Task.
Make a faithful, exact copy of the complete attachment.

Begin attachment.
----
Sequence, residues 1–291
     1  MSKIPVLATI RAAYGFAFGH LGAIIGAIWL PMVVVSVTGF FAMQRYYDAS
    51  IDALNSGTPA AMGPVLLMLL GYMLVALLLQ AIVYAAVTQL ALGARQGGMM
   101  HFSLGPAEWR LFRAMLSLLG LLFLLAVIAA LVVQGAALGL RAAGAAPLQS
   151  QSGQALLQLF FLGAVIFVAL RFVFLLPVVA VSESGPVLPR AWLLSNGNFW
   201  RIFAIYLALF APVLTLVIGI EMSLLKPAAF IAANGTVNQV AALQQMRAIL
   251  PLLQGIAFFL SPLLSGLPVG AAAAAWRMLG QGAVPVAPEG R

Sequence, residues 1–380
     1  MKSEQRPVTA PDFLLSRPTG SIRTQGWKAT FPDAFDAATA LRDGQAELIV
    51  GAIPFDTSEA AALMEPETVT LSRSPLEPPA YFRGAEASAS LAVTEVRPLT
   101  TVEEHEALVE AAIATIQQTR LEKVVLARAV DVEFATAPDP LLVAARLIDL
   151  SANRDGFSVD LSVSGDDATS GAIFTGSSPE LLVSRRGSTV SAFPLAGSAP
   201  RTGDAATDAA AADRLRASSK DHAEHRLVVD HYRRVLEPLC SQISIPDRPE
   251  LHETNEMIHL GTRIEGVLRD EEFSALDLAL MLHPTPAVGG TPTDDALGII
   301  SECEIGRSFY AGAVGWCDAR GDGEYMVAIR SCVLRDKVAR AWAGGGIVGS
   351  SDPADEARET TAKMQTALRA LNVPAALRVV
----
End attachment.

Sequence, residues 1–291
     1  MSKIPVLATI RAAYGFAFGH LGAIIGAIWL PMVVVSVTGF FAMQRYYDAS
    51  IDALNSGTPA AMGPVLLMLL GYMLVALLLQ AIVYAAVTQL ALGARQGGMM
   101  HFSLGPAEWR LFRAMLSLLG LLFLLAVIAA LVVQGAALGL RAAGAAPLQS
   151  QSGQALLQLF FLGAVIFVAL RFVFLLPVVA VSESGPVLPR AWLLSNGNFW
   201  RIFAIYLALF APVLTLVIGI EMSLLKPAAF IAANGTVNQV AALQQMRAIL
   251  PLLQGIAFFL SPLLSGLPVG AAAAAWRMLG QGAVPVAPEG R

Sequence, residues 1–380
     1  MKSEQRPVTA PDFLLSRPTG SIRTQGWKAT FPDAFDAATA LRDGQAELIV
    51  GAIPFDTSEA AALMEPETVT LSRSPLEPPA YFRGAEASAS LAVTEVRPLT
   101  TVEEHEALVE AAIATIQQTR LEKVVLARAV DVEFATAPDP LLVAARLIDL
   151  SANRDGFSVD LSVSGDDATS GAIFTGSSPE LLVSRRGSTV SAFPLAGSAP
   201  RTGDAATDAA AADRLRASSK DHAEHRLVVD HYRRVLEPLC SQISIPDRPE
   251  LHETNEMIHL GTRIEGVLRD EEFSALDLAL MLHPTPAVGG TPTDDALGII
   301  SECEIGRSFY AGAVGWCDAR GDGEYMVAIR SCVLRDKVAR AWAGGGIVGS
   351  SDPADEARET TAKMQTALRA LNVPAALRVV